20140805-135207.jpgi used pockets copied from my favorite ready-to-wear jeans using kenneth king’s jean-ius class to highlight other fabrics from the bundle and then created pieced bias tape using a technique from modern mix, one of my quilting books, for the racing stripe effect.  each stripe was finished with bias tape (also homemade) on one side and white piping on the other for a clean look. i finished the waistband with a piece of red polka dot poly grosgrain.

20140804-222424-80664037.jpghere’s the best part:  i will TOTALLY wear this in public.  as a set, as separates…it is already packed for an upcoming family weekend in laguna beach.  i wonder if the high-and-mighty LA fashion set will understand my vision?


nah.  probably too sophisticated!


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me-made-everyday: style report



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a quickie: megan nielsen crescent blouse


speaking of my constant stash of nearly-finished UFOs (hereafter referred to as area 51), i seriously have four of these happening right now. they’re just so cute and easy and don’t take up too much fabric! perfect for a few scraps of leftover lizzy house or liberty of london (not that i’ve tried that yet) or even silky things.


i like the open shoulder variation the best so far, but i do think that – should i take the time to actually finish one before cutting out the next one – i want to put a bit more shaping in the side seams. the pattern is ever-so-slightly boxy and i think i’d prefer a more fitted variation, even if that means sucking it up and putting a zipper in. (insert sadface)


construction-wise, nothing could be simpler – i made everything on my serger, including finishing the shoulder and arm openings with a rolled hem. then i popped that baby into my flat-felling foot on the regular machine for a clean, no-fuss finish. again, next time i might prefer to add a bit more seam allowance (the crescent, like all megan nielsen patterns, has 1cm) to allow a little more flexibility on the seam finishes, but overall i was quite pleased. it’s a cute top and the proportion is perfect for a long, slim skinny jean or trouser.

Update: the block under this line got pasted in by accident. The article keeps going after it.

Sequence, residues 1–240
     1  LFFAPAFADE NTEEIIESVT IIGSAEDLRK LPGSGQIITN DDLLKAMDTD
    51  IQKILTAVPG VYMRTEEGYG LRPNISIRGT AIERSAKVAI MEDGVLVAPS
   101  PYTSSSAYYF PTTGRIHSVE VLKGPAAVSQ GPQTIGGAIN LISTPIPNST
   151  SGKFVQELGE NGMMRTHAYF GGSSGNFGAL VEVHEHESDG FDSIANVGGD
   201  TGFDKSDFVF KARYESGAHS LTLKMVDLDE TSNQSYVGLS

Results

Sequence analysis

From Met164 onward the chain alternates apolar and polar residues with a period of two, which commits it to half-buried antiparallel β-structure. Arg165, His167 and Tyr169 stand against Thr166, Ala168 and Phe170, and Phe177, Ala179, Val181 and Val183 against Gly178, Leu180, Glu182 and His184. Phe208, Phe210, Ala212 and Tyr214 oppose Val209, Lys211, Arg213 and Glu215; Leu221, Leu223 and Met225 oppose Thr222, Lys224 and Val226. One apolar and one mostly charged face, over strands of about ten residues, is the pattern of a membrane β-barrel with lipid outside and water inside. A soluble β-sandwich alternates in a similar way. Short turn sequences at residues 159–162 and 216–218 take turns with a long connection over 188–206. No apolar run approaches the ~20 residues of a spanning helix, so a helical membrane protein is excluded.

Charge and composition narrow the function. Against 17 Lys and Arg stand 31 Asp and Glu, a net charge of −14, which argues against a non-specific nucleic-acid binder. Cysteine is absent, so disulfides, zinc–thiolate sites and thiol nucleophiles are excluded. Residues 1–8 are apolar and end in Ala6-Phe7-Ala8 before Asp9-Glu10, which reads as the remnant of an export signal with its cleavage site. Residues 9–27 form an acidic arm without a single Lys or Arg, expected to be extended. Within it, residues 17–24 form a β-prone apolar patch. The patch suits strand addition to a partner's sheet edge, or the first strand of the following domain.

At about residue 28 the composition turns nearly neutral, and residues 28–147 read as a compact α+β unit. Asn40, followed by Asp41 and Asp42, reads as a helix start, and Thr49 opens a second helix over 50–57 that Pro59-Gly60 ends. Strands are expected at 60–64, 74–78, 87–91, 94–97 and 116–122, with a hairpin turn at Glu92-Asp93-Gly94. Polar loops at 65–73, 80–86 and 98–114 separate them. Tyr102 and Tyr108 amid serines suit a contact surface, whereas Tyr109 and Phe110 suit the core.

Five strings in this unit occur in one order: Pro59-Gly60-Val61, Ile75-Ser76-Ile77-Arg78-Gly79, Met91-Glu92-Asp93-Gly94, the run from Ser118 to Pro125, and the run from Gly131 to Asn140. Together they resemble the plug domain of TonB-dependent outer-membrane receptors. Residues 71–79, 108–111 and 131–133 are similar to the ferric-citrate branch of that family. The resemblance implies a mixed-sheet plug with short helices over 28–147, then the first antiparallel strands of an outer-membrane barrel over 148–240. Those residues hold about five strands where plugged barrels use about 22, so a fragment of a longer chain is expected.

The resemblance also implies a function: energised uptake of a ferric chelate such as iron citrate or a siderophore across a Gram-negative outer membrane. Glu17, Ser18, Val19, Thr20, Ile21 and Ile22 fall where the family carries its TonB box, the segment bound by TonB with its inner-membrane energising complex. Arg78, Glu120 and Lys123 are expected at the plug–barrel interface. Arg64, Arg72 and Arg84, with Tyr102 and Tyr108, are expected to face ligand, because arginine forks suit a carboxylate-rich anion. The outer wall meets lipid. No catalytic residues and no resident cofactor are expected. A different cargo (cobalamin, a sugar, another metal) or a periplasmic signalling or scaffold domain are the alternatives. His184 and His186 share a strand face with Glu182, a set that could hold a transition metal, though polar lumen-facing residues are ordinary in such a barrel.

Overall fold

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a NY-Lon FO: 1930s sundress in liberty

confession:  most of my NY-Lon fabric haul is already cut out and in various stages of assembly.


but this is my first finished, worn and photographed make out of the haul.  the fabric is liberty of london Lanthe which i scored at our (second) trip to Shaukat, an amazing little spot in the old brompton road that specializes in liberty remnants.  they actually have more fabric in stock than liberty, in more colorways and content types, and i fearlessly splurged on varieties in silk/wool, silk/cotton, and the classic tana lawn.  in fact, while we’re talking about our trip to shaukat and the subject of aggressive persuasion, i sweet-talked vicki into snagging some of this print as well – she went for a classic colorway in multiple shades of blue.


also true:  vicki went straight to a bolt of wool/silk and looked at me and said, “this is so you.”  and then i held up my cut pile to reveal the yardage (meterage?) i had already set aside for purchase.